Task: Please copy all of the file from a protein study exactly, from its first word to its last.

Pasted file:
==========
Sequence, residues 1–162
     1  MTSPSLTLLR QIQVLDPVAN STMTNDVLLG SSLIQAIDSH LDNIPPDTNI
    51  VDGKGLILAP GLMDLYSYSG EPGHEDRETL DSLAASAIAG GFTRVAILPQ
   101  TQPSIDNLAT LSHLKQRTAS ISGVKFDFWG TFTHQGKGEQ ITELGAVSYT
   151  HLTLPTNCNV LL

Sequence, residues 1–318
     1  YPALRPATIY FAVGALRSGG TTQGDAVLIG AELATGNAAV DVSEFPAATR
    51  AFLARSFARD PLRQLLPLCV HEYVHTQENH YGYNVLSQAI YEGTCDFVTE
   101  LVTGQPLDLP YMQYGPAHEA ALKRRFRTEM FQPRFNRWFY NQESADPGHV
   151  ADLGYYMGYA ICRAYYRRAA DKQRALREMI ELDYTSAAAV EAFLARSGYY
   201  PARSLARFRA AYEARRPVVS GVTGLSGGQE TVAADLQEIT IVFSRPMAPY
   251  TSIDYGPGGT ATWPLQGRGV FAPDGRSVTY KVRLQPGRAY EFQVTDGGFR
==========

Sequence, residues 1–162
     1  MTSPSLTLLR QIQVLDPVAN STMTNDVLLG SSLIQAIDSH LDNIPPDTNI
    51  VDGKGLILAP GLMDLYSYSG EPGHEDRETL DSLAASAIAG GFTRVAILPQ
   101  TQPSIDNLAT LSHLKQRTAS ISGVKFDFWG TFTHQGKGEQ ITELGAVSYT
   151  HLTLPTNCNV LL

Sequence, residues 1–318
     1  YPALRPATIY FAVGALRSGG TTQGDAVLIG AELATGNAAV DVSEFPAATR
    51  AFLARSFARD PLRQLLPLCV HEYVHTQENH YGYNVLSQAI YEGTCDFVTE
   101  LVTGQPLDLP YMQYGPAHEA ALKRRFRTEM FQPRFNRWFY NQESADPGHV
   151  ADLGYYMGYA ICRAYYRRAA DKQRALREMI ELDYTSAAAV EAFLARSGYY
   201  PARSLARFRA AYEARRPVVS GVTGLSGGQE TVAADLQEIT IVFSRPMAPY
   251  TSIDYGPGGT ATWPLQGRGV FAPDGRSVTY KVRLQPGRAY EFQVTDGGFR